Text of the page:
Monday, June 22, 2009

Five-Week Drill

Five weeks ago I posted a "six-week drill": a list of fourteen things I needed to do before my fourth NEH Summer Seminar kicks off at the end of June. Well, the end of June is fast approaching--I have one week left in that drill, which hasn't exactly worked out as planned. Let's see how I did, and what's left.

What do I need to write & do by then, or to get there?
  • Wrap up logistics for the NEH seminar. Books, readings, housing, stipends, festivities, etc.
Ordered the books, arranged the housing and stipends, set up the opening festivity. Still need to copy the readings, and gather anything I don't have in the files. Also need to buy binders, etc., to put them in. Budget cuts meant no student assistant for this, so I need to get on it.
  • Do reading for the NEH seminar--not just the assigned stuff, but a general refresher course, to shift back into poetry-teaching mode.
Did some of this, and need to do more. Pleased at how much I've been enjoying the poetry criticism / intro to poetry textbook / poetry itself that I've been reading recently--the year off from teaching 220 (Reading Poetry) was maddening by the end, but it's clearly
  • Choose the poets / texts for my Modern Poetry survey next fall. Something new, but not too new. Sick of the huge sweeping survey, but if I only did, say, 6 or 8 poets, who would they be? (British, Irish, American, as I please.)
Worked on this, and came to a tentative decision: use volume 1 of the Rothenberg / Joris Poems for the Millennium anthology, supplemented by some more canonical readings in link, pdf, or handout form. This morning, another array came to me: Eliot, Williams, Stevens, Hughes, Auden, Loy, Millay, H.D., de Burgos. But if I can spend an hour or two brainstorming what the supplementary list would look like, I still think the R/J might be the way to go.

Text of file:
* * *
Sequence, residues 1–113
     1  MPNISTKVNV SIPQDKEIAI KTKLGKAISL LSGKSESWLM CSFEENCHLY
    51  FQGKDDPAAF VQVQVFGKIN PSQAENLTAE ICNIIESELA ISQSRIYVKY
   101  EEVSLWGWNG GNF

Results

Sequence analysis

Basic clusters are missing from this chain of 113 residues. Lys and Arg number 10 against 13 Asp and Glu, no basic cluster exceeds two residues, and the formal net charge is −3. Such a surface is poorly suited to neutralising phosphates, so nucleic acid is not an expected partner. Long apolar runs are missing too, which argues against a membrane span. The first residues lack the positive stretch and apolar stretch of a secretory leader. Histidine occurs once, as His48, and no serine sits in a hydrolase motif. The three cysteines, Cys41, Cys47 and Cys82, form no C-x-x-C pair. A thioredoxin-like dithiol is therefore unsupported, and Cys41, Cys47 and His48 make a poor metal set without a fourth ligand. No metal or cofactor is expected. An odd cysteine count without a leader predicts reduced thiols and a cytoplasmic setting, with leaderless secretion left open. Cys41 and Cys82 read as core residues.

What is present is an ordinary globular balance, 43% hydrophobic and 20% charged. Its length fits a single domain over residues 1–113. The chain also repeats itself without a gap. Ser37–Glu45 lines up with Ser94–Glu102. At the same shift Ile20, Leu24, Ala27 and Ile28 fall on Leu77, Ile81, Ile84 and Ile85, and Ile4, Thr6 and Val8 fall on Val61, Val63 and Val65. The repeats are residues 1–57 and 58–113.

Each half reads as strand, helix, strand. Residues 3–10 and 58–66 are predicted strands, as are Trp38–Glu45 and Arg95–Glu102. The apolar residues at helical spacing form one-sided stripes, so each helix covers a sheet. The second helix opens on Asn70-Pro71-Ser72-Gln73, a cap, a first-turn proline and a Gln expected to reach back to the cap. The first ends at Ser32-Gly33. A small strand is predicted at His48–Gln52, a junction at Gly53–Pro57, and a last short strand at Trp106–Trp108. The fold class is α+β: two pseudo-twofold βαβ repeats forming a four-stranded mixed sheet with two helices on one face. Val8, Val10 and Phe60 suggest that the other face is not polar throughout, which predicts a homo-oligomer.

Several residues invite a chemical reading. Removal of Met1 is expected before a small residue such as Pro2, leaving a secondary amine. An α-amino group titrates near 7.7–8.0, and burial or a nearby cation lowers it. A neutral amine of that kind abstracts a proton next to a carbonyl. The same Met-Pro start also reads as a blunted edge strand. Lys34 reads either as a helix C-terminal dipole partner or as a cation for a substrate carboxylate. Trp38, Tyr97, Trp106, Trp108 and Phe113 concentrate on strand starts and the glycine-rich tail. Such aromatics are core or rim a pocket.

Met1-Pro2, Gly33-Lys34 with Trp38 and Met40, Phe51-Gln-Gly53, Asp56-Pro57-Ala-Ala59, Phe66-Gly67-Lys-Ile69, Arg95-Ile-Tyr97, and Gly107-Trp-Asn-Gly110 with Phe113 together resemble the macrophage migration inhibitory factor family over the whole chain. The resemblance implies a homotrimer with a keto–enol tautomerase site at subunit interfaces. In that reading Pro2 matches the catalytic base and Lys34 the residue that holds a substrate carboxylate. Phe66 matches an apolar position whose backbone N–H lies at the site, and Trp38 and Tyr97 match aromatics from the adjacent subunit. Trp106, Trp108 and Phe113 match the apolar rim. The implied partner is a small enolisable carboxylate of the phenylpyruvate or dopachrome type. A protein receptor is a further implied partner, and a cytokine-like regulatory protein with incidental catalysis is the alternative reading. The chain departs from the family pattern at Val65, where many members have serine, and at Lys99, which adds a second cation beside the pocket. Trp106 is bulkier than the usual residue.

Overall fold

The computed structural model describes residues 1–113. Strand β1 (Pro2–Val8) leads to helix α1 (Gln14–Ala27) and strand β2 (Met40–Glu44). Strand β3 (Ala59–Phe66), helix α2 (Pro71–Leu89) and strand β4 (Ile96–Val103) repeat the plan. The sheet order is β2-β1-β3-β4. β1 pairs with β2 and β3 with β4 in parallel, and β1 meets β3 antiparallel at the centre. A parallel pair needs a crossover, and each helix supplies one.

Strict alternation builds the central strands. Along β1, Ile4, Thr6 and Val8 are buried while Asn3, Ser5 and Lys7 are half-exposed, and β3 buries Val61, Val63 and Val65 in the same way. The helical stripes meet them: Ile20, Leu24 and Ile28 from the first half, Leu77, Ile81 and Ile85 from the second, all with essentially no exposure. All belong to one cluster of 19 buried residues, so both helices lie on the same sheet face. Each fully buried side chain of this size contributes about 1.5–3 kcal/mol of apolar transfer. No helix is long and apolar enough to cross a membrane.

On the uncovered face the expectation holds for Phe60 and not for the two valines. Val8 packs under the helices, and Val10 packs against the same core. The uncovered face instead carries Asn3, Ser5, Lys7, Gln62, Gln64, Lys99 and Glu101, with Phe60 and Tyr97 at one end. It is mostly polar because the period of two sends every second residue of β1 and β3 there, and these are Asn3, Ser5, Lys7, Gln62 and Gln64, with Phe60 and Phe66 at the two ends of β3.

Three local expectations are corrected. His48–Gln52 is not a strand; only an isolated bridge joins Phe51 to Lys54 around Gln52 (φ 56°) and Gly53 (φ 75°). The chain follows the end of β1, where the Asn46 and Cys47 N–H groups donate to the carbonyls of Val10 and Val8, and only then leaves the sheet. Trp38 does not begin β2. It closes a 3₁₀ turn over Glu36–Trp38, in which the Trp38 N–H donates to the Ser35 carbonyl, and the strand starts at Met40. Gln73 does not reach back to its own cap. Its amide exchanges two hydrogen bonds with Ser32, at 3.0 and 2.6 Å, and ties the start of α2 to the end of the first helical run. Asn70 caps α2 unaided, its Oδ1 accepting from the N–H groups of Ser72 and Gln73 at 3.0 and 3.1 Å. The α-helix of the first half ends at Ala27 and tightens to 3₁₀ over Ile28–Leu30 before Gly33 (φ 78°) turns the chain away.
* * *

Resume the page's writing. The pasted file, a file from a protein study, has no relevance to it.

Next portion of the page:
• Prep and teach another four weeks of classes. Ahem. Which means something like four more novels. (I miss teaching poems. Four more poems I could handle.)
This took more of my time than I anticipated. But it's done, and the classes are graded, and you just can't argue with that.
  • Revise the introduction to the New Approaches book.
The file's been opened, but I haven't done this yet.
  • Revise my own essay for the New Approaches book.
  • Edit four more essays, maybe five, for NA.
There were four, and three of them are done. One to go.
  • Write and distribute the Call for Papers for JPRS, the Journal of Popular Romance Studies, of which I am the Executive Editor.
Wrote it, got feedback--as soon as I get the final thumbs-up from my Managing Editor and the president of IASPR, we'll be ready for distribution.
  • Assorted work for IASPR, the International Association for the Study of Popular Romance.
Did some assorted work for IASPR, although I think that most of it was associated with the next bullet point:
  • Do more fundraising and planning for the Brisbane Conference (AKA "Popular Romance Studies: an International Conference")